Aldous Huxley | Literature Criticism Critical Review by Henry Hazlitt

This literature criticism consists of approximately 3 pages of analysis & critique of Aldous Huxley.
This section contains 839 words
(approx. 3 pages at 300 words per page)
Buy the Critical Review by Henry Hazlitt

Critical Review by Henry Hazlitt

SOURCE: “This Petty Pace,” in The Nation (New York), Vol. 130, No. 3387, June 4, 1930, p. 654.

In the following review of Brief Candles, Hazlitt argues that Huxley brings a message to his stories—that if one tries to be superhuman, one becomes subhuman.

After half a dozen volumes Aldous Huxley has returned to the short story, but he does not bring his old irresponsibility with him. He has acquired a Message, and he insists that we shall hear it. It is the same message that raised its head in nearly every one of the essays in “Do What You Will,” to wit, that if one tries to be superhuman one ends by being subhuman, that the best way of turning a child into a devil is to try to bring it up as an angel. Against the...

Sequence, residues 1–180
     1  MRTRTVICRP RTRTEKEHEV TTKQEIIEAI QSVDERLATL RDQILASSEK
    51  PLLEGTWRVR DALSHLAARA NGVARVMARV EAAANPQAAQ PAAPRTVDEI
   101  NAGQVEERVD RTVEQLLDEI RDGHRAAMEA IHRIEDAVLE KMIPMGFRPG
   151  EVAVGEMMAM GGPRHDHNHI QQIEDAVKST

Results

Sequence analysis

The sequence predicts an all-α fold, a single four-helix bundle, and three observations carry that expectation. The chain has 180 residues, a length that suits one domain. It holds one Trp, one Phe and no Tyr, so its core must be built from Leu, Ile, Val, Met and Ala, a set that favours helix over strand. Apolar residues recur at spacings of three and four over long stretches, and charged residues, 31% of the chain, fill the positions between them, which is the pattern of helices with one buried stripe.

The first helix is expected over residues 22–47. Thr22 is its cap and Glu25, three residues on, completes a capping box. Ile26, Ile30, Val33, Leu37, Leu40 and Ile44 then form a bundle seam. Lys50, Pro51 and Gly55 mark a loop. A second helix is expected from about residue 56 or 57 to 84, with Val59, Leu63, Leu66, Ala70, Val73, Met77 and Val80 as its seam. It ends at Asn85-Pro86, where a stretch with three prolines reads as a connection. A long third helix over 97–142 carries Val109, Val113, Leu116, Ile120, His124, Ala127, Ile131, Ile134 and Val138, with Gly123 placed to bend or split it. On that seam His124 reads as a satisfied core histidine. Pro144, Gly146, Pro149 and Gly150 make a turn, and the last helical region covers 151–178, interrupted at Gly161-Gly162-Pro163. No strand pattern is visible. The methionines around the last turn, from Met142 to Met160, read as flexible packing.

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This section contains 839 words
(approx. 3 pages at 300 words per page)
Buy the Critical Review by Henry Hazlitt
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